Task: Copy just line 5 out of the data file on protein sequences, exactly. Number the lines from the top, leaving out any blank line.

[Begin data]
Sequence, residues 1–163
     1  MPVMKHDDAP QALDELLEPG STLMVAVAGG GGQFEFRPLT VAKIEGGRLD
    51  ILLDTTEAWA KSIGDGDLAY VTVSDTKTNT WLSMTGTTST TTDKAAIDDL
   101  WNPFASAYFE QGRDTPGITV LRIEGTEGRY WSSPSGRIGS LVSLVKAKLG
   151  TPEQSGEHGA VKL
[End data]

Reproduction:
   151  TPEQSGEHGA VKL